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Just as there is a routine for moving off and changing gear, there is also a routine for stopping.

OOPS! Not good parking...The method for stopping is the same as for moving off - it's the routine that will be at the heart of almost everything you do when you're driving

The 'Mirrors, Signal Manoeuvre' routine (MSM)

On this page, we explain the importance of the MSM routine when stopping and parking.

Apart from stopping safely, you will also need to stop legally, and if you are parking, leave the car in a safe position.

It's difficult to know whether the vehicle shown in the picture is parked legally or not; after all, it seems to be in a car park (but only just!). However, I don't know what you think, but the DriverActive verdict is 'could do better!'

Should I stop on the left or right?

Stopping on the left will usually be the best and safest option; in most places, parking on the left will be the only legal option at night (Highway Code Rule 248).

Sometimes, you will have to stop on the right, you might have no other choice; this could be because it's the only available space, or you might be making a delivery, or have an elderly or infirm passenger who needs to be as close to their destination as possible.

While stopping and parking on the left is the preferred option, the DVSA recognises that there are legitimate reasons for stopping on the right - this is why there is a driving test exercise to test your ability to do it safely.

The Driving Test Success app has a full set of videos covering stopping and moving off in all situations that you might encounter on your driving test and in everyday driving - Driving Test Success. Google Play | App Store - (appstore practical videos available as an in app purchase in the 4 in 1 kit)

Stopping during your driving test

There will be some natural stops in traffic during your driving test, and you will also need to stop before specific test manoeuvres so that the examiner can explain what they want you to do. Your driving test examiner will also ask you to stop at other times during the test, including a stop on the right-hand side of the road.

The examiner might ask you to stop and then move off again for no apparent reason. However, the examiner could be checking things like where you choose to stop, how you stop, or how you move away after stopping. Your job is simply to stop and move away safely every time.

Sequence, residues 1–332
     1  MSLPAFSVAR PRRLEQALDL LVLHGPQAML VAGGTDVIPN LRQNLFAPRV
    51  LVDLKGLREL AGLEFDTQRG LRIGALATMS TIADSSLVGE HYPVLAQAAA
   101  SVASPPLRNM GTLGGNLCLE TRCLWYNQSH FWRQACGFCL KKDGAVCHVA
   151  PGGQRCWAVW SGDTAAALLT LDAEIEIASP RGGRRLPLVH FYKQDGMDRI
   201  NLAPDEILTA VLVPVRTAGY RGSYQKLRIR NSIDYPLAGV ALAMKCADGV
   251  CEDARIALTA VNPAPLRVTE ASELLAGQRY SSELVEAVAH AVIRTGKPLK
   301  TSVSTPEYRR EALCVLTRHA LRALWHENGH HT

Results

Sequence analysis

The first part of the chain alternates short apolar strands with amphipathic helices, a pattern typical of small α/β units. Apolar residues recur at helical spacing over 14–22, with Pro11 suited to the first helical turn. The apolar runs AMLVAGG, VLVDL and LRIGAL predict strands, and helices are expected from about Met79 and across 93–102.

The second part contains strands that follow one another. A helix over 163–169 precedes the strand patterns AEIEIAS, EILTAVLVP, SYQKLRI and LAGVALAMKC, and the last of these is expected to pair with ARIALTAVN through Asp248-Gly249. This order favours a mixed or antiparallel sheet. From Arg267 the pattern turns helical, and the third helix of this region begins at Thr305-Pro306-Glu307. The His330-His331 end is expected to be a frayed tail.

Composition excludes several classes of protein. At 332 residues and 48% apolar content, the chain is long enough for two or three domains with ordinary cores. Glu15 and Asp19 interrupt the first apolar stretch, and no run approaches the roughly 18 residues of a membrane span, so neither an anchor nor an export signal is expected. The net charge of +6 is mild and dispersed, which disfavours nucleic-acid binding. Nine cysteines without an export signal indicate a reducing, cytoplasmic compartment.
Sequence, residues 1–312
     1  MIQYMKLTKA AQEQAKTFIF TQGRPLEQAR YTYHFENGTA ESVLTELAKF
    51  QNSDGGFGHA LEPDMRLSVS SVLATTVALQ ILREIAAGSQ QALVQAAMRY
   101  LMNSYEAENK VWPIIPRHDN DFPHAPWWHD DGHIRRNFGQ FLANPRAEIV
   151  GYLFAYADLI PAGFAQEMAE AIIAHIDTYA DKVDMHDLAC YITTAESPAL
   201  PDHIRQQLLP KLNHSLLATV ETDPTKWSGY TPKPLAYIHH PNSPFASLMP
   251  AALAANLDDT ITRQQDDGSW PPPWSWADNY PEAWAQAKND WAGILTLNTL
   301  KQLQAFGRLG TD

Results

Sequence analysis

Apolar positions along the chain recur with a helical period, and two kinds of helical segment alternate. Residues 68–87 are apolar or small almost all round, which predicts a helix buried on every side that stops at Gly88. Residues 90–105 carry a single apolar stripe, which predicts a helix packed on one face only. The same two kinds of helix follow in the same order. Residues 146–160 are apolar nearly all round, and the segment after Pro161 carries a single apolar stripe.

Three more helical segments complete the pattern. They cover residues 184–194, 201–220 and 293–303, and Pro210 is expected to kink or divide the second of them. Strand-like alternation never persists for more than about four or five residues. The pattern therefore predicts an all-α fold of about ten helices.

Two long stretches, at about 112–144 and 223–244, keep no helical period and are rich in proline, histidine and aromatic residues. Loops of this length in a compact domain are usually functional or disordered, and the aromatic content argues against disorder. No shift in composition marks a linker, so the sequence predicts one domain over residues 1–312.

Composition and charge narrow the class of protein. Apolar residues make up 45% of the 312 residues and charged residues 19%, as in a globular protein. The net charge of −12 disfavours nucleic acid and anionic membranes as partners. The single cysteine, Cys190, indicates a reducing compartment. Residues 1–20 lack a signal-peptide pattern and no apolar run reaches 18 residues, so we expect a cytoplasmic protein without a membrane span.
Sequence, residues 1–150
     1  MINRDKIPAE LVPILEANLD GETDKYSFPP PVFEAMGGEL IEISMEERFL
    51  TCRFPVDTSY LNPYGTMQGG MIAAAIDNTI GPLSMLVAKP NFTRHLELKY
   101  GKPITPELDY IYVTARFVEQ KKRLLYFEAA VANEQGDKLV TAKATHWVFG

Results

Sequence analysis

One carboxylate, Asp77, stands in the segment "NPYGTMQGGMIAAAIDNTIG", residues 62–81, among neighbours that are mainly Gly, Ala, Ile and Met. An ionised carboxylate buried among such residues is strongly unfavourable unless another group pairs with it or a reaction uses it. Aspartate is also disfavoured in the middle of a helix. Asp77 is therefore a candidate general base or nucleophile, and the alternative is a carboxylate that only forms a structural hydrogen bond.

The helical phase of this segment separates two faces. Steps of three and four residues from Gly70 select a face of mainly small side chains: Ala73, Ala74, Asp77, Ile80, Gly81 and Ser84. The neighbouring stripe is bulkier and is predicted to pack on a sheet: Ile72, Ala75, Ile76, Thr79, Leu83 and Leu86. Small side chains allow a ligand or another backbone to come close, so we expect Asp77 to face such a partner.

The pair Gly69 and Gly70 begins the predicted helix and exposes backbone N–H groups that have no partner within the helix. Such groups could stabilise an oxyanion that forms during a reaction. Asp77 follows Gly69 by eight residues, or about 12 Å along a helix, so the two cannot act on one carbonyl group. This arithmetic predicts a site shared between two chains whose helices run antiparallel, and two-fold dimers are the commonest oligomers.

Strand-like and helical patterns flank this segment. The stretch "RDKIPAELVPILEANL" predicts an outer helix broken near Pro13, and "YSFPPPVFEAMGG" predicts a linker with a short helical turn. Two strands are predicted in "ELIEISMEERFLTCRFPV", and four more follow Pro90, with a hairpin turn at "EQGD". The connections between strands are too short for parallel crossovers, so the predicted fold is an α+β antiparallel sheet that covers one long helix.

DVSAWhenever you stop, the examiner will consider:

  • Your use of mirrors and signals

  • How smoothly you use the controls

  • Your choice of stopping/parking position

The examiner's instruction to stop at the side of the road will be:

"Pull up on the left at a convenient place, please."

alternatively, the examiner might ask you to stop in a specific place:

"Pull up along here, just before .... please", "Pull up next to the .... please", "Pull up on the right-hand side, please."

Mirrors, Signal, Manoeuvre

The Mirrors Signal Manoeuvre (MSM) routine is essential for safe driving. You have already started to learn about this in the Moving Off lesson.

MSM when stoppingWhen moving off, you make observation checks as part of the POM routine and then decide whether to give a signal; when you do this, you are using the Mirrors, Signal, Manoeuvre routine (MSM).

You will learn more about the routine as your course develops; however, it's helpful to understand the basics to help you with moving off and stopping.

The information below applies equally to situations where you pull up on the left to drop off passengers or park and make normal stops in traffic, for example, in a traffic queue or at a red light.


The reason for checking your mirrors before you do anything else is simple; you are asking yourself the following question:

"Is it safe to complete my intended manoeuvre?"

Here, 'Manoeuvre' refers to any driving action, starting, stopping, turning, speeding up, slowing down; anything that means your vehicle will be changing speed or direction.

Suppose you plan to do something, for example, to slow down and turn left at a junction, but you see something in your mirrors that might make it unsafe, perhaps an emergency or out of control vehicle. In that case, the answer to the "Is it safe to complete my manoeuvre" question will be a firm "No".

In reality, it's rare for plans to be changed because of vehicles behind, but if a problem arises, you will need to deal with it. The action you take will depend on the situation; in an extreme case, you might need to change your mind, aborting the manoeuvre and taking an alternative course of action. The fact that something could be happening behind to threaten your safety makes the mirror check absolutely essential.